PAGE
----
As the 70's gave way to the 80's, we lost sight of burning fossil fuel. The car models became increasingly bigger and more "maxed out" for luxury and status. The comfort and size of your vehicle became more of a status symbol for the wealthier segment, and a bigger car became a coveted item.
Pick up trucks even became more prevalent, and not often for hauling heavy loads. SUV's abound today. Hummers are popular for the elite crowd as a novelty vehicle for those that could afford it as a primary vehicle, or even more often as a secondary vehicle.
Often these big, burly SUV's are simply used to take one, fairly small person to and from work and other social activities, and occasionally to haul a slightly larger load - maybe that of two to three people.
Rarely today do we hear of people carpooling to and from work (gosh, a lot of kids today probably don't even know what carpooling is). Public transportation in small outlying suburbs to major cities nearby is few and far between, making it an impractical way to get to and from work every day.
Only since gas prices have risen in recent times, hovering at or over three dollars in many states and regions, has our attention come back to the "energy crisis" we face today, and that we may even face at a deeper level in the near future.
Now, as it puts our society in a family budget crisis, possibly we wil look for more practical solutions, as well as cleaner burning fuels and options that are healthier for us and our surrounding environment.
Who knows, maybe carpooling and new and improved forms of public transportation will become a focus if this energy crisis continues to show signs of sticking around.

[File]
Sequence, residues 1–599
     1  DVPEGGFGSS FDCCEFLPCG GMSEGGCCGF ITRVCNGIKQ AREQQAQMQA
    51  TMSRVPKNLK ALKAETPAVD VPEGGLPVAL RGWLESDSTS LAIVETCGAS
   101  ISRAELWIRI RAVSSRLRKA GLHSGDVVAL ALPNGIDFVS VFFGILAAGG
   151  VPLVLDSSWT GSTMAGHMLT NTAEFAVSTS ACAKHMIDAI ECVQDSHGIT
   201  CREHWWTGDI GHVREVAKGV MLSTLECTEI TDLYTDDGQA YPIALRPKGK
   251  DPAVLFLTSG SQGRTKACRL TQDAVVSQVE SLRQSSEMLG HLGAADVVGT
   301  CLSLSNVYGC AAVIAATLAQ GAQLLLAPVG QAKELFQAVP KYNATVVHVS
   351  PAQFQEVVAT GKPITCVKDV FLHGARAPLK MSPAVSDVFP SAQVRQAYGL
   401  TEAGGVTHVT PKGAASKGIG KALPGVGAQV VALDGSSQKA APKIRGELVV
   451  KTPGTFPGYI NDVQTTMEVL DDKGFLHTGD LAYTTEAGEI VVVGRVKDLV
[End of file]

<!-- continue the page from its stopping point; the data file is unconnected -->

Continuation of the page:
Hopefully the government, whose responsibility it is to respond to public need, will look for mass transit to extend to more far reaching suburbs for more economical and convenient methods to get people to and from work, and to get out and spend money as well, all of which keep our economy moving.
In the bigger picture, the crisis of global warming and emissions of fossil fuels will be brought under better control if we can find alternatives to some of our more earth-cluttering energy materials today.
The scientists of the 60's and 70's had warned us time and time again that the energy crisis we are currently experiencing would happen, and yet we didn't really focus on doing anything about it until it was too late.
Now that we see what this kind of a shortage can do to us, we can only hope our top scientists and government are working on better, more efficient solutions rather than resting on their laurels and waiting for the next big scare.
by: Harry Bernstein
It has become an unfortunate fact in the past few years, that gasoline prices may be straining your family's budget. Maybe you want to stop the flow of US money to countries such as Saudi Arabia & Iran, or help stem the process of global warming, or you just might want to help the enviroment by reducing your use of oil, a limited resource.
The Fuel Economy Numbers
In plain english, fuel economy ratings are the mpg numbers posted on the price sticker of a new car. Studies have shown that the average driver receives less than 80 percent of the economy figures that are on that dealer's price sticker.
You can use these numbers to determine the numbers will let you know how many mpg your vehicle will get, so you can compare vehicles and then go from there.